Photoblog: Walking on Ice at Baird Glacier, Southeast Alaska

Posted on September 23, 2010 by

The cold glacial wind howls ferociously as our skiff races towards the imposing Baird Glacier. In the distance, the giant slab of white crusty ice seems to crackle with rage. As our group of travelers land on the rocky beach, we find ourselves on a seemingly different planet. Oddly-shaped giant pebbles strewn all over the alien terrain, carpeted by green velvety moss: a setting resembling Mars more so than Planet Earth.

Day 2 of our Southeast Alaska expedition and we have already kayaked through a narrow fjord, watch a pod of whales breach simultaneously and now, we’re hiking up an icy glacier. Someone pinch me please.

Hiking towards Baird Glacier, Alaska

Bay of Death

The previous evening, we had sailed through Frederick Sound into Thomas Bay. The legendary bay is also known as “The Bay of Death” due to a massive landslide that buried an entire native Tlingit village in 1750. Later on around 1900, several people claimed to have seen devil creatures in the area, thereby giving the bay another nickname, “the Devil’s Country”.

Thomas Bay, Southeast Alaska

At Baird Glacier, we find ourselves walking on outwash plains and unearthly mud puddles. Meltwater and sub-glacial water in Thomas Bay had moved rock flour pebbles and larger rocks beyond the terminus to form this extraordinary terrain.

Walking on outwash plains at Baird Glacier

From Greenery to Ice

Making our way towards the glacier, the green rocky terrain quickly transforms into wet, spongy mud-baths that spring into life. Our guide Kevin tells us about the therapeutic use of the mud and demonstrates the use of it as a face-mask.

muddy terrain at Baird Glacier

Soon enough, we find ourselves walking on ice, errr, real ice. All of us are now ice-skating on the slippery surface, slipping and falling to each other’s amusement. A layer of silt covers the crusty ice, but once we examine what’s underneath, we can see clear blue water running in the form of mini-waterfalls right under our feet.

waterfalls running underneath the ice

My first experience walking on ice: exhilarating and definitely one of a kind. So I’ve walked on an active volcano and now an icy glacier, what’s next?

Walking on ice, Baird Glacier

Baird Glacier, Thomas Bay

————————————————————————————————————————————–——————–———–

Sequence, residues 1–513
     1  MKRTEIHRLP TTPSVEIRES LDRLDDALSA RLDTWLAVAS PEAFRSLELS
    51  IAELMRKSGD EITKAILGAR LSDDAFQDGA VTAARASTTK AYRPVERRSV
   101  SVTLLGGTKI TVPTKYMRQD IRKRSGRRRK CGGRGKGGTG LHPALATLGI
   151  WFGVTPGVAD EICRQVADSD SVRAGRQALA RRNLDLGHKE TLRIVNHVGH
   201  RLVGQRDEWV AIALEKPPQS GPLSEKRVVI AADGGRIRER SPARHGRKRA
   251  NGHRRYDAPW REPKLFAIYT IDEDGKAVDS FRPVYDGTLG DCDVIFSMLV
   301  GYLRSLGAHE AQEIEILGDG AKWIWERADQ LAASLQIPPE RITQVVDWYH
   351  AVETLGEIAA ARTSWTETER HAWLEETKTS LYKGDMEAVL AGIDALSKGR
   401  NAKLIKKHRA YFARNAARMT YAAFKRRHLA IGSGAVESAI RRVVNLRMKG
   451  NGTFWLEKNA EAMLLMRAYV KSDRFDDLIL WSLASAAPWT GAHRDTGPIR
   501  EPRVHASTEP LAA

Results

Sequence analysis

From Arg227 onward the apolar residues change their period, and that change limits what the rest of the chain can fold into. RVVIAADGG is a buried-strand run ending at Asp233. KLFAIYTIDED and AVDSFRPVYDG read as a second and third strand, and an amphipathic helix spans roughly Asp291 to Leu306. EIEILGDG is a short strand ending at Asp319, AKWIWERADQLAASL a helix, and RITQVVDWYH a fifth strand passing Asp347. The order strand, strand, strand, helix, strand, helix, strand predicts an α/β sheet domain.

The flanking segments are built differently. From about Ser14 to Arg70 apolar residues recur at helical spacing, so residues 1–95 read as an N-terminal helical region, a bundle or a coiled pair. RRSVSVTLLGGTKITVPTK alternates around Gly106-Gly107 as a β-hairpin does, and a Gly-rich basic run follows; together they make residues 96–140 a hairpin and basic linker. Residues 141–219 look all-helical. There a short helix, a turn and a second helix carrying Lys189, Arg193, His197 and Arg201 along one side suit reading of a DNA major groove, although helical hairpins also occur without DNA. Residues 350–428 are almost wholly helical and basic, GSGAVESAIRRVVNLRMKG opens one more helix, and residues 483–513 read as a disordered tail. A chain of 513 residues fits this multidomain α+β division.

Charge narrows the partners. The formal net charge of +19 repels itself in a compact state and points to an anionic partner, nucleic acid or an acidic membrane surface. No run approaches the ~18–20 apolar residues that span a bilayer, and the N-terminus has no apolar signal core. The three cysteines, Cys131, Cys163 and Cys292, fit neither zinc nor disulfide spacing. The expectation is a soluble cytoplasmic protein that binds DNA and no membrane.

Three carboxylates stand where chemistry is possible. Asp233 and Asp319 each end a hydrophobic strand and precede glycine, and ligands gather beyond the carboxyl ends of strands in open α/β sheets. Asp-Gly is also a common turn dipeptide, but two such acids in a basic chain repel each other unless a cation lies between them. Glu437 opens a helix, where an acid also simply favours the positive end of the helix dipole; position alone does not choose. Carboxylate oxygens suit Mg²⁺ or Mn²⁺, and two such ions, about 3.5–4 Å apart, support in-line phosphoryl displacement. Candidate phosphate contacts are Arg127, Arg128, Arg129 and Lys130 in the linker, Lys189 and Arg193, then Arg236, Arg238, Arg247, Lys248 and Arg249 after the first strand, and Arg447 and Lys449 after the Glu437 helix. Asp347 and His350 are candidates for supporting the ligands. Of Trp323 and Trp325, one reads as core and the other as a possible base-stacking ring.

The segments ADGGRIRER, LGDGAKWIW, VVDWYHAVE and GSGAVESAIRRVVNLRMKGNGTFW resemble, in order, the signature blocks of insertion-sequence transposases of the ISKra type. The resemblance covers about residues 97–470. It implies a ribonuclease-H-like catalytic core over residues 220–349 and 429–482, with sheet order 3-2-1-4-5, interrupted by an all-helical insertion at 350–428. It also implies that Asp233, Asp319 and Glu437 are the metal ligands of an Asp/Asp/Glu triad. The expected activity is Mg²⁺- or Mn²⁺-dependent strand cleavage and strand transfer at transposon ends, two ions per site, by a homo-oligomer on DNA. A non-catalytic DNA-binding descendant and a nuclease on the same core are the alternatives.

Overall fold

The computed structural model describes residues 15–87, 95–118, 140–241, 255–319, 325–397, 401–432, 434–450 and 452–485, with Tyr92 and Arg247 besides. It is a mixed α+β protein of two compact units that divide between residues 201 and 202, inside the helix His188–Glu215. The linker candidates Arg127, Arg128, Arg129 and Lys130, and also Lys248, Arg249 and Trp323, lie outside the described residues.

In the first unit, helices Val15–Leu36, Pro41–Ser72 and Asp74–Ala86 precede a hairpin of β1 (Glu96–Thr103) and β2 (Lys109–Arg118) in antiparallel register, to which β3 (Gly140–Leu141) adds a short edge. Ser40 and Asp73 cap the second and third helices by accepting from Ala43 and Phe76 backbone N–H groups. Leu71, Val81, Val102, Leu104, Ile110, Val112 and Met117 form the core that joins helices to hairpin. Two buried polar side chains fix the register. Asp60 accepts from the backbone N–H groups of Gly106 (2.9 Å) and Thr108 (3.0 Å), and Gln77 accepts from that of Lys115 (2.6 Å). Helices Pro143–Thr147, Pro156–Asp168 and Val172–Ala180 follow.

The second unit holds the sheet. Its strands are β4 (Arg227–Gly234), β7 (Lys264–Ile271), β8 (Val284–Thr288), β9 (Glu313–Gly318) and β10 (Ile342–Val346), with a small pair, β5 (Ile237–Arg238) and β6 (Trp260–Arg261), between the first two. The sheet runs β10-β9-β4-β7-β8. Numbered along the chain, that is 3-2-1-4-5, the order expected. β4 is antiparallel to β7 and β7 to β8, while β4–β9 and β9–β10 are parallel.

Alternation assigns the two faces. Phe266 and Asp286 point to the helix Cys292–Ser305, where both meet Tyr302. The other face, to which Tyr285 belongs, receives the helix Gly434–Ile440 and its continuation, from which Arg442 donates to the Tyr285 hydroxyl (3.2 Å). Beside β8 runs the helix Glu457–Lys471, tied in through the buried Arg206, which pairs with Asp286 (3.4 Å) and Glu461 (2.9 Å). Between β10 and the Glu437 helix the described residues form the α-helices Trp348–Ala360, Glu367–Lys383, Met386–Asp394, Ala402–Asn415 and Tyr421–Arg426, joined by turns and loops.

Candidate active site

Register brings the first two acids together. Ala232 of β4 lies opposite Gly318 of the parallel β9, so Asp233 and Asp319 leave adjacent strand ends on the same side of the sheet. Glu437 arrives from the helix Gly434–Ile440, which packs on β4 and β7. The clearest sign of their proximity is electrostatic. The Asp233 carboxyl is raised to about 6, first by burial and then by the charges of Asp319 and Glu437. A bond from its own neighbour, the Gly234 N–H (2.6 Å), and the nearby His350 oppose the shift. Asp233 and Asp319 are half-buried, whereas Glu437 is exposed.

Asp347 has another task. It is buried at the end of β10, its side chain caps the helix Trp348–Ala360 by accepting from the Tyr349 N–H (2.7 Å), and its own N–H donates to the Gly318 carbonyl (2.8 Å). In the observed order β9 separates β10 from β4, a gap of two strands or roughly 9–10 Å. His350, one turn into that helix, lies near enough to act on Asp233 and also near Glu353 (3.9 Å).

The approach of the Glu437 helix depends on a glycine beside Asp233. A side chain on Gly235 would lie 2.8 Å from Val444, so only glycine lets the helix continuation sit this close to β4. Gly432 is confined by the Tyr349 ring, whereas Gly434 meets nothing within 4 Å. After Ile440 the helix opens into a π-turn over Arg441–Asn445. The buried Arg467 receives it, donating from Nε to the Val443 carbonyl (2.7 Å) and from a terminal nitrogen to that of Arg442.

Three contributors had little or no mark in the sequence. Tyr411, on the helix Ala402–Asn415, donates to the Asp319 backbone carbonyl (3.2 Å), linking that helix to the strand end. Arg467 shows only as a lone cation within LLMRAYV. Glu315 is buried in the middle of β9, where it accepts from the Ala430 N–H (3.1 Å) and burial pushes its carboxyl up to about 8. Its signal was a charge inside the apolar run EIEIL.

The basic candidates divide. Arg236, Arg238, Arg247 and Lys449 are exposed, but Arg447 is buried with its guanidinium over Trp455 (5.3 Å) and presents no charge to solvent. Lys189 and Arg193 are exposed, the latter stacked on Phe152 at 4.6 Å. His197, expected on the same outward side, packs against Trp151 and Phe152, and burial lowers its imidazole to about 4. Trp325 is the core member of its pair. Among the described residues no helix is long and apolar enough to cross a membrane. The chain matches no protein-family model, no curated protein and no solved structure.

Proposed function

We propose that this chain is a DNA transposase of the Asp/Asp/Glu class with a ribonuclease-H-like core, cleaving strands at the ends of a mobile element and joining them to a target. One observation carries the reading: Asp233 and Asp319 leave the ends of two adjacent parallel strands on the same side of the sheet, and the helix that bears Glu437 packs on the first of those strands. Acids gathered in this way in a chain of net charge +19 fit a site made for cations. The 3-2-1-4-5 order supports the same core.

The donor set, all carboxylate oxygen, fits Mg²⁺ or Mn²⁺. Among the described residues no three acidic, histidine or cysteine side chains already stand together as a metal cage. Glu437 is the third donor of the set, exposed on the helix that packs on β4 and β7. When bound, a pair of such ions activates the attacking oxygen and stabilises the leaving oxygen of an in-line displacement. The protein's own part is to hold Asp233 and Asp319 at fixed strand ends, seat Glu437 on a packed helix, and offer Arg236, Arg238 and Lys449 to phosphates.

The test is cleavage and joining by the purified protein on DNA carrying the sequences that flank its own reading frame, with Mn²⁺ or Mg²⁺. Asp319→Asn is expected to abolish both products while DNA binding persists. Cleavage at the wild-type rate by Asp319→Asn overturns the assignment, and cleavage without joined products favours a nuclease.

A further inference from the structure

The glacier hike was part of the InnerSea Discoveries itinerary. Stay tuned for more updates on my adventures in Southeast Alaska.

Disclaimer: My experience was sponsored by American Safari Cruises and InnerSea Discoveries, but all opinions are my own.

————————————————————————————————————————————–——————–———–

Related Posts:

Comments

comments

About Nellie Huang

Nellie Huang is the co-founder of WildJunket. As a professional travel writer with a special interest in offgrid destinations and adventure travel, she scours through the world in search for a slice of undiscovered paradise. In her quest, she's climbed an active volcano in Guatemala, swam with sealions in the Galapagos and built a school in Tanzania.

8 Responses to “Photoblog: Walking on Ice at Baird Glacier, Southeast Alaska”

  1. Donna Hull September 23, 2010 8:34 pm #

    This was one of the best cruise excursions that I've ever experienced. Your photos and text are a vivid reminder. Nitakuwa, our guide, didn't show us the theraputic use of the mud, maybe that's we our group walked farther up the ice :-).

  2. Abi September 29, 2010 4:13 pm #

    Ah, I remember the green, velvety moss very fondly! Great post – a great reminder of a great day!

Trackbacks/Pingbacks

  1. Baby Boomers Find Adventure with InnerSea Discoveries - September 24, 2010

    [...] reborn from the glacier’s retreat. Rocks littered the ground as we made our way onto the glacier’s icy surface. At Leconte Glacier, skiff rides took us right next to icebergs for photographic opportunities or [...]

  2. Baby Boomer Adventure on Baird Glacier - October 8, 2010

    [...] wide crack, Nitakuwa, our guide, tossed in a pebble as we judged the deepness of the small crevice. Walking on Baird Glacier was like hiking on a scenic mountain where each new bend in the trail begs to be explored, causing [...]

  3. Photoblog: An Iceberg Tour in Southeast Alaska | Wild Junket - November 1, 2010

    [...] in the heart of Southeast Alaska, the aqua blue icebergs of Le Conte Fjord crackle. Unlike one would imagine, it sounds more like [...]

  4. Arctic Highlights: Polar Bears, the Midnight Sun and Crackling Glaciers | Wild Junket - August 18, 2011

    [...] hiked on a glacier before, but this was definitely something else. The 14th July Glacier, named after the French [...]

  5. Photoblog: Flying Above the Skies of Alaska - Wild Junket - August 4, 2012

    [...] were nearing the end of our Southeast Alaska expedition onboard InnerSea Discoveries; after days of hiking glaciers, encountering icebergs and sea-kayaking, this flightseeing program was one of our last activities. [...]

  6. Top Adventurous Activities in North America | The Looptail, The Travel Blog Powered By G Adventures - October 22, 2012

    [...] glaciers and most of them are easily accessible. On a voyage through Southeast Alaska, I went on a hike up Baird Glacier, and it was my first but definitely not the last experience on ice. We navigated gravel-covered ice, [...]

Leave a Reply